The "Hübener Group", organized by Helmuth Hübner, who printed and distributed anti-Nazi leaflets in Hamburg in the early 1940s (Right: Karl-Heinz Schnibbe)
|Born||January 5, 1924|
|Died||May 9, 2010 (aged 86)|
Holladay, Utah, United States
|Notable works||The Price (autobiography),|
When Truth Was Treason: German Youth Against Hitler:The Story of the Helmuth Hubener Group (memoir).
Karl-Heinz Schnibbe (January 5, 1924 – May 9, 2010) was a former World War II resistance group member who, as a 17-year-old growing up in Nazi Germany in 1941, was an accomplice in a plan by three German teenagers, members of The Church of Jesus Christ of Latter-day Saints (LDS), to distribute information to the citizens of Germany on the evils of the Nazi regime during World War II. Led by 16-year-old Helmuth Hübener, the three boys created, posted and distributed cards and pamphlets denouncing Hitler and the Nazi party. They were eventually caught by the Gestapo and, after repeated beatings, were convicted and sentenced. Hübener was executed, the youngest person to be sentenced to death for opposing the Third Reich, and Schnibbe was sentenced to five years in a labor camp. After the war and his release from a Soviet POW camp, Schnibbe emigrated to the United States in 1952, living in the Salt Lake City, Utah area until his death on May 9, 2010.
Schnibbe joined the Hitler Youth at the age of twelve, against the wishes of his father, and was sworn in on April 20, 1936 (Hitler's birthday). At first, he was entranced by the campfires and parades that the Hitler Youth participated in, but eventually grew weary of the constant pressure and conformity. He was expelled from the organization for punching his youth leader in the face, and was relieved that he had finally gotten out of the group's clutches. He later became active in resistance during World War II in 1941.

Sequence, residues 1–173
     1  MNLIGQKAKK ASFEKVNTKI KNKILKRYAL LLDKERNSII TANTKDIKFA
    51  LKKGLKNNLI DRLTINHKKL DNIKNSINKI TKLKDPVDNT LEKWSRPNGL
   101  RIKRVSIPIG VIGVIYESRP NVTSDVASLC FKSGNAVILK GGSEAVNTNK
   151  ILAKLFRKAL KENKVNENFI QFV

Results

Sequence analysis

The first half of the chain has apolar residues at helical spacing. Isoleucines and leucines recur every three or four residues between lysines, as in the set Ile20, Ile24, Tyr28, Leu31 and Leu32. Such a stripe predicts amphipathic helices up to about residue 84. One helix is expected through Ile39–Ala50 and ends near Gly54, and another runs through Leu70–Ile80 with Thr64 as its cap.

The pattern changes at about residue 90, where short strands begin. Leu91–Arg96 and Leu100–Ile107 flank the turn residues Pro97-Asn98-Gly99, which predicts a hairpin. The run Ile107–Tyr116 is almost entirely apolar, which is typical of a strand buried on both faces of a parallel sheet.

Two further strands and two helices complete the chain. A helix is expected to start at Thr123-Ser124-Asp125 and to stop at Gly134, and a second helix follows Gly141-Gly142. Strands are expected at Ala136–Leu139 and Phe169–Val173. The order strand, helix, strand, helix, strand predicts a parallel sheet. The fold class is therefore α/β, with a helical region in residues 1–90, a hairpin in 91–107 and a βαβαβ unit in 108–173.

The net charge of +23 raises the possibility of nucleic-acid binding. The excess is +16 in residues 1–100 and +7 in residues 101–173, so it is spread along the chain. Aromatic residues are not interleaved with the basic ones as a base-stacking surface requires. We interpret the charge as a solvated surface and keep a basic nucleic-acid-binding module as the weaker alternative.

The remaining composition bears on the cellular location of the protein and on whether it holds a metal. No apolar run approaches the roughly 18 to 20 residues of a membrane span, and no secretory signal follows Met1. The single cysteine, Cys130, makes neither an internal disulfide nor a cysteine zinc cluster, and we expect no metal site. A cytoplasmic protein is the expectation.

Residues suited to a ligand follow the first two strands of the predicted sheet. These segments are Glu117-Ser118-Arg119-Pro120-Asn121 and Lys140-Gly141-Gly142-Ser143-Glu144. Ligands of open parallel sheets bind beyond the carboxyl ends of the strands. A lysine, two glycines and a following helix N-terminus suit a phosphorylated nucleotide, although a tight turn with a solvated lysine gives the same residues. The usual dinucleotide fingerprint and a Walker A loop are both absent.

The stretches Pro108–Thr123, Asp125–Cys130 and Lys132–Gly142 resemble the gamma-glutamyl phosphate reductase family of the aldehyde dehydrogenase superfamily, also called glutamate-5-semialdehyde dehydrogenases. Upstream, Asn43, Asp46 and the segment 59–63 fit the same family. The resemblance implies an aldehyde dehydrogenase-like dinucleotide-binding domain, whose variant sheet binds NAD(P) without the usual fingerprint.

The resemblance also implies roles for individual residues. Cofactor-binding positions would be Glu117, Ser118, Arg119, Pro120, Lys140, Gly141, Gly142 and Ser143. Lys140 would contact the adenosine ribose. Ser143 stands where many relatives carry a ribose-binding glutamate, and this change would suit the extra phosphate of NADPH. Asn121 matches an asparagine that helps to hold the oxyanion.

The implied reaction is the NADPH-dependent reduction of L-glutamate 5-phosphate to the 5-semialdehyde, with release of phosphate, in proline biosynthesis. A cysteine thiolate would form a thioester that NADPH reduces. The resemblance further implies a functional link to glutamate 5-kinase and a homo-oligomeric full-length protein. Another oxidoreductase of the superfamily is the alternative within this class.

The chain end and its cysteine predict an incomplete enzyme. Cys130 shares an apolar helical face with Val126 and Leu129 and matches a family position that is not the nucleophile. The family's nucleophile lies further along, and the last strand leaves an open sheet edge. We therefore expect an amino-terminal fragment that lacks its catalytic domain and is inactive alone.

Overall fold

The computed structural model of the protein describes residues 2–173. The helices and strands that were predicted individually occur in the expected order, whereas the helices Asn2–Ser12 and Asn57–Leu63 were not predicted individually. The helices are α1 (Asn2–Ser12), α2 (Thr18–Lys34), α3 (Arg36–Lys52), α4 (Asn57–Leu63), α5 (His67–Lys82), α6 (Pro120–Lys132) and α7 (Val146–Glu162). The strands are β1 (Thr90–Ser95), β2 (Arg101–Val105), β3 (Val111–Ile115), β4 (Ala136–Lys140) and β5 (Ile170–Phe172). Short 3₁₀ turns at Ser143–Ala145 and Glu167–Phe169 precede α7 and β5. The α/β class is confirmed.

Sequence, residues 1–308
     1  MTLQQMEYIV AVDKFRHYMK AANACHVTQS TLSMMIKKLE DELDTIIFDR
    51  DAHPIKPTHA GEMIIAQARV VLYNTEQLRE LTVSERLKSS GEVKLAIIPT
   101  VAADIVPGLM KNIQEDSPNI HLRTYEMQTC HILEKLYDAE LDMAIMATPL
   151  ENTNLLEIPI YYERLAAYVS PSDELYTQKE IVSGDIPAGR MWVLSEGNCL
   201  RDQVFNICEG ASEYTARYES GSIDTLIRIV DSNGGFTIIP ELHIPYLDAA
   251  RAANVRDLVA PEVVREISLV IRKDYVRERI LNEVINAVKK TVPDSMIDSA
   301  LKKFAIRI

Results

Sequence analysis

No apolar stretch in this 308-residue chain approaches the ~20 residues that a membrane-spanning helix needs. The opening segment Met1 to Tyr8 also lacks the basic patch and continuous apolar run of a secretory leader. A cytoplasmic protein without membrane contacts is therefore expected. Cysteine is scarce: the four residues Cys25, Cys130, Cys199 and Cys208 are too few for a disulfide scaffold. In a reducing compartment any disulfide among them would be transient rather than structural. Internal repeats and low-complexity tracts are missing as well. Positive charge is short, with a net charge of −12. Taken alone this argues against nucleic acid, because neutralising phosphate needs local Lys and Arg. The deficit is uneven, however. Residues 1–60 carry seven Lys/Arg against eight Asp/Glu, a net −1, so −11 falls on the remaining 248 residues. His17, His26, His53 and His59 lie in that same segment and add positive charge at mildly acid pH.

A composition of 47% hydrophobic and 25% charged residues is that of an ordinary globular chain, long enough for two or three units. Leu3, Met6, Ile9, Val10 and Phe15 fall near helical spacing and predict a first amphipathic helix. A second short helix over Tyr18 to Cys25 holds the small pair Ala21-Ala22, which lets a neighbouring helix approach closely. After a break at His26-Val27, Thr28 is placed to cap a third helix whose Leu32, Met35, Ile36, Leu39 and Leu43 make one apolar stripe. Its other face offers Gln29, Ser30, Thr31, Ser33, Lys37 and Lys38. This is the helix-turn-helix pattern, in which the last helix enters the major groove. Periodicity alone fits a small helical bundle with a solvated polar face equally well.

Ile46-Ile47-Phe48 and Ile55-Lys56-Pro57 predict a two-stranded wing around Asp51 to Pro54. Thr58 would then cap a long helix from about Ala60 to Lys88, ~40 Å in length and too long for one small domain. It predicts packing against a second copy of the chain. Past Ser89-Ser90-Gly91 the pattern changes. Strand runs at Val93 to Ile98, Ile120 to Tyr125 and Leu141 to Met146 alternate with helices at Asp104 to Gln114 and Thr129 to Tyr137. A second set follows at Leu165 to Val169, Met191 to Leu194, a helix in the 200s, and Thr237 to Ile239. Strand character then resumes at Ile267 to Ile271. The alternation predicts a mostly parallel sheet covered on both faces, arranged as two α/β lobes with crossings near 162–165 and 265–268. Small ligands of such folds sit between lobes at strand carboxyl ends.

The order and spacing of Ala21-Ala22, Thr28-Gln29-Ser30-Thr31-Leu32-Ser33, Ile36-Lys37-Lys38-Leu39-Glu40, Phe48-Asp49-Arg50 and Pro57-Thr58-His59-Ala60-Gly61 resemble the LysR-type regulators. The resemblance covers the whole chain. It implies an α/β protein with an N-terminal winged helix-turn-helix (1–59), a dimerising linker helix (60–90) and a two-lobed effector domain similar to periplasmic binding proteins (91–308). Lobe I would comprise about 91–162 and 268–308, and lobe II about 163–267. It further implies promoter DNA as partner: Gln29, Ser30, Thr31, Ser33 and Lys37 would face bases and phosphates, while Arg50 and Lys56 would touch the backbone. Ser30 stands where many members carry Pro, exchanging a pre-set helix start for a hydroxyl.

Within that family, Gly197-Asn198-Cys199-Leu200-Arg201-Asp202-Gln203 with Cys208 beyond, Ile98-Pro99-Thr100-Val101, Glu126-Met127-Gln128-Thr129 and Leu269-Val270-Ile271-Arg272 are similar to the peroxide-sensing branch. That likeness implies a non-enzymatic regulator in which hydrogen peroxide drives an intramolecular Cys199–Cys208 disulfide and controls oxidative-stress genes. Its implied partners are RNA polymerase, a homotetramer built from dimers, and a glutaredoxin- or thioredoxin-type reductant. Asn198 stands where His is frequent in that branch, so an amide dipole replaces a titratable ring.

Schnibbe and his friend Helmuth Hübener often listened to the German-language broadcast of the BBC on Hübener's shortwave radio. Listening to radio stations not approved by the Nazis was illegal, but they were both intrigued by the differences in information that the legal German stations reported and the British newscasts. They both concluded that the German stations were spouting propaganda and withholding the real information from German citizens. Hübener decided that he had to do something about this, to inform the public that the Nazi Government was lying to them. He began typing up articles critical of the government and Hitler. Though originally apprehensive of his friend's work, Schnibbe began helping Hübener's cause, along with 15-year-old Rudolf Wobbe, the third member of the teenage group, and started distributing flyers throughout the city of Hamburg. He constantly was on the lookout for the numerous Nazi informants that lurked in the city. The boys agreed that if one of them was captured, that boy would take full responsibility for the work and protect the other two. They distributed flyers for several months, putting them in mail boxes and dropping them in public places. The Gestapo began an investigation to find the authors, and they found out that Hübener was involved. They arrested him, and after days of torture and interrogation, he told them of his accomplices. However, Hübener said that he was the mastermind and only gave the flyers to them, and took all of the blame. This spared the lives of the two other boys from the death penalty, and Schnibbe only received five years imprisonment, while Hübener was executed by beheading.